large image

Trusted Reviews is supported by its audience. If you purchase through links on our site, we may earn a commission. Learn more.

HP Envy 110 Review


rating-star rating-star rating-star rating-star rating-star


  • ePrint, AirPrint and eFax
  • Cool styling
  • Duplex print as standard


  • Awkward, low-capacity paper tray
  • Slow colour print
  • Hard to see power button

Key Specifications

  • Review Price: £170.00
  • Very low profile design
  • Lounge-friendly styling
  • Controls on powered touch panel
  • Easy print from phones and tablets
  • USB print (though not Pictbridge)

Last April HP released an all-in-one printer which looked very little like anything it had produced before. The Envy 100 was a machine intended for style-conscious customers who wanted a printer they were happy to have in their living room, as much to work with laptops, tablets and phones as to print from a cabled, desktop PC. The Envy 110, reviewed here, is an update of that machine, which has moved further towards the ‘print from anything’ ideal.

This machine looks much like the Envy 100, though it’s coloured in a slightly odd, pinky beige with a white glass lid to its scanner and white, plastic side panels. The lid sets the A4 flatbed off well but the hinges don’t extend, so scanning book pages can be awkward.

There are twin memory card slots and a USB socket set conveniently under a cover just in front of the scanner. Shame HP didn’t include Pictbridge compatibility with the USB, though.
HP Envy 110 - Controls
The power switch is a touch button on the front panel, and has a silvered logo and white, pin LED, neither of which is particularly easy to see. Once switched on, though, the centre section of the panel is driven up to present its 89mm touchscreen display at a convenient angle. The panel supports gestures and gives good access to the machine’s functions and to downloadable apps. These now include more useful utilities, like Google Maps-lookalike, Mappy.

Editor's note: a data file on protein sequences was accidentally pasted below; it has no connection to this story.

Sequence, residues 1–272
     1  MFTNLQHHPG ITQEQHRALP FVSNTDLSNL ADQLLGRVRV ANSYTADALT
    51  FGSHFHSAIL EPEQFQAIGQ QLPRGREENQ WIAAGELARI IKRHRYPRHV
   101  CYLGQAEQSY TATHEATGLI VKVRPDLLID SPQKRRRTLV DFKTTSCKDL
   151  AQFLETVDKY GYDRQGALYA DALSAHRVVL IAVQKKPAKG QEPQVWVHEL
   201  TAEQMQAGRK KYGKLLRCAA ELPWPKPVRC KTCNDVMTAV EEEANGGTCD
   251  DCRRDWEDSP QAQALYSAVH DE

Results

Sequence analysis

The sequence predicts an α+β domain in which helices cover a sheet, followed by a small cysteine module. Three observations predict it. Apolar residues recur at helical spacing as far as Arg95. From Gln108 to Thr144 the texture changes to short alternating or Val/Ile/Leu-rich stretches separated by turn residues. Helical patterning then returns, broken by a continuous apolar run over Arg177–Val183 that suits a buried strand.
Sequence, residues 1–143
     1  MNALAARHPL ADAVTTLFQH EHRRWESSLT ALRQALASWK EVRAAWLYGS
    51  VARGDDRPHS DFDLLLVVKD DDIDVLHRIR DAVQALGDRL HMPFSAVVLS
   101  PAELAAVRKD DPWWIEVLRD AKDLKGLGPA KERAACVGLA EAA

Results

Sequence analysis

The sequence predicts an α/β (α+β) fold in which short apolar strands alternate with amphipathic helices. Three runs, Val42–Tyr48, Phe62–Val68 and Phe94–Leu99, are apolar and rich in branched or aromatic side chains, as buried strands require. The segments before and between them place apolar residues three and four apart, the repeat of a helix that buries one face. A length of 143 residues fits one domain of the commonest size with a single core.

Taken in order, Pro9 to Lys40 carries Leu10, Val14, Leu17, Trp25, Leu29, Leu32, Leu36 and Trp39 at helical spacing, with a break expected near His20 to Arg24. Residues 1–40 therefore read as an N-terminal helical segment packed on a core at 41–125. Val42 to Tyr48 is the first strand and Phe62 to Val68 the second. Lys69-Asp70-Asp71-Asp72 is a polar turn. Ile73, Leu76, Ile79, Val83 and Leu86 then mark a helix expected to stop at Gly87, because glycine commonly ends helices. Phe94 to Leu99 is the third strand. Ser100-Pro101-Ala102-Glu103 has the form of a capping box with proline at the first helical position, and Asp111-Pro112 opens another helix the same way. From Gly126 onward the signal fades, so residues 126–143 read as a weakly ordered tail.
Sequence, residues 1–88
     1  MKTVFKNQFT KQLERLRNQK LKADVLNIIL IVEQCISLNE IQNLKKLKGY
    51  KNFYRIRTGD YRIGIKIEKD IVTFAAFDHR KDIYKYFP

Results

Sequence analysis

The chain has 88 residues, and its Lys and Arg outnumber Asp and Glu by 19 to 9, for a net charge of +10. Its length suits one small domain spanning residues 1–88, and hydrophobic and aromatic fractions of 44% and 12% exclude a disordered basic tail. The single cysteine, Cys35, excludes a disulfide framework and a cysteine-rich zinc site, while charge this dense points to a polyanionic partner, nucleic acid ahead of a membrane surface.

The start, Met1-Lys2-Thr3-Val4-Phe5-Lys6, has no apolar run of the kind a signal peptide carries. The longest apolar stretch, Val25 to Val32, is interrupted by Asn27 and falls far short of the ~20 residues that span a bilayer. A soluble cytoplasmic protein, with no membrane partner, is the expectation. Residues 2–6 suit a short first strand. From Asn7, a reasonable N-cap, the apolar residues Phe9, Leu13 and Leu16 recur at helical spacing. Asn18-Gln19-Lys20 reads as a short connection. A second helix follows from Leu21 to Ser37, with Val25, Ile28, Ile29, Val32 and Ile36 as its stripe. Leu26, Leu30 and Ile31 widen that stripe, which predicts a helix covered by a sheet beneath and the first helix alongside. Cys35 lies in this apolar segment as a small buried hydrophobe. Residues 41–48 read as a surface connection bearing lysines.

Under the control panel is an 80-sheet paper tray, which is a low capacity for any all-in-one. You need to change paper when printing photos and this is a fiddly procedure if you have large hands, as it’s hard to get your fingertips under the front edge of the tray, the only place to grip.

HP Envy 110 - Paper Tray

Hinge the scanner section up and you have easy access to the two cartridges, one black and the other tri-colour. There’s a USB socket at the back, but you’ll miss out on a lot of the fun if you don’t connect via wireless, which gives access to all the Internet stuff.

HP is really getting into convenient ways of getting pages onto and out of its machines. The Envy 110 supports ePrint for remote printing (which worked fine with our Samsung Galaxy Mini) and AirPrint for local, driverless print from Apple devices. There’s also eFax, which enables you to send faxes via the Internet straight from the control panel and to receive them without a separate phone line. You get 20 per month free, before having to pay a small fee.

The HP Envy 110 is claimed to be marginally faster than the earlier Envy 100, at 7ppm for black print and 4ppm for colour. Neither of these speeds is particularly high for a machine costing close to £200, but in our test we didn’t even reach those, thanks to lengthy pre-processing times.